Named for their diet preference of eating salmon, the quick-swimming salmon shark can become stranded throughout the year, but are most commonly found during summer months. Salmon sharks give live birth to 2-4 pups off the southern Oregon coast in the spring and the juveniles follow ocean currents and prey. While this species is able to thermoregulate (control their body temperature up to 15 degrees Celsius above surrounding water temperature) and navigate vertically throughout the water column, some juveniles end up outside their ideal temperature range and are unable to thrive.
With an average length of seven feet and weighing in at 300 pounds, mature salmon sharks are quick enough to catch salmon, birds, squid and herring. With grey bodies and white bellies salmon sharks are often mistaken for the great white, but major differences in size, diet, and teeth patterns set the salmon sharks apart. Salmon shark teeth are notably pointed and smooth while white shark teeth are triangular and serrated.
While the salmon shark may look fierce, there has never been a reported incident of a salmon shark attack on a human. If you have a question about a stranded shark or other stranded marine life, be sure to contact local experts at the Seaside Aquarium 503.738.6211.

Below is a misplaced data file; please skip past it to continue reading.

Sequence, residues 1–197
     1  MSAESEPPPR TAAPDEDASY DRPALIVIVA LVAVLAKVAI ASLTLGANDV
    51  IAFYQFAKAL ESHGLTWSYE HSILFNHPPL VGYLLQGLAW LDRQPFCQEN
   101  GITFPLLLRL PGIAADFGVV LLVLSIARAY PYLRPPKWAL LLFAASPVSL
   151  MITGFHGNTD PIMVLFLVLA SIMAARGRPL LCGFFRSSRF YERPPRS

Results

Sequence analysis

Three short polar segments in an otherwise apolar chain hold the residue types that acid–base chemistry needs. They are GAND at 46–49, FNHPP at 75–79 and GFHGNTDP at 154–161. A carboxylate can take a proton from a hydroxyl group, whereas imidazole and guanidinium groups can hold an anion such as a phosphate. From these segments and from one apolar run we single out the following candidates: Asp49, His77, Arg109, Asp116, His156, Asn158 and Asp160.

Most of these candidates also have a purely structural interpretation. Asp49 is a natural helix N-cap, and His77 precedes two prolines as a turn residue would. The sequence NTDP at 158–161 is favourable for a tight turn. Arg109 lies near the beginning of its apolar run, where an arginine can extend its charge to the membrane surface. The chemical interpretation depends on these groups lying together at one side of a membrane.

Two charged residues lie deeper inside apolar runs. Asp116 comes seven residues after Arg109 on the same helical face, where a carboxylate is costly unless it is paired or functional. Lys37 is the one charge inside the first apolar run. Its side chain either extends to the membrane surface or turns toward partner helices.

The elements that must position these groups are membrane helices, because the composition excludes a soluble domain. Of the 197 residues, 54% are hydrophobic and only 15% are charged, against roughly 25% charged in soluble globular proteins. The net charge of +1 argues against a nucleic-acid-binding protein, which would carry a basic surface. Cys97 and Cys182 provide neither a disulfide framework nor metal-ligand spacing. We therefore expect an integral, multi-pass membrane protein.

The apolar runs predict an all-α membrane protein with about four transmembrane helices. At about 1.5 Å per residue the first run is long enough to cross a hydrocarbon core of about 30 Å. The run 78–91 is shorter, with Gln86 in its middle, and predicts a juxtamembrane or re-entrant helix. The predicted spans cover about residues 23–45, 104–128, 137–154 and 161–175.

|Seaside Aquarium - (09/19/2021 09:10:30 pm) |
The calm after the storm. It was a great day to be at the beach. Lots of little jelly fish on the beach along with a few skin breathing sea cucumbers.
#seasideaquarium #seaside #seasideoregon #oregoncoast #doublerainbow #pacificnorthwest #pacificocean #jellyfish
|Seaside Aquarium - (09/03/2021 06:26:40 pm) |
It's time again, to Treasure the Beach! Tomorrow is our monthly beach cleanup. The cleanup goes from 9:00 a.m. to 11:00 a.m. Pick up your beach cleaning supplies at the end of 2nd Ave. right next to the Aquarium. See you tomorrow!
|Seaside Aquarium - (08/31/2021 01:23:28 am) |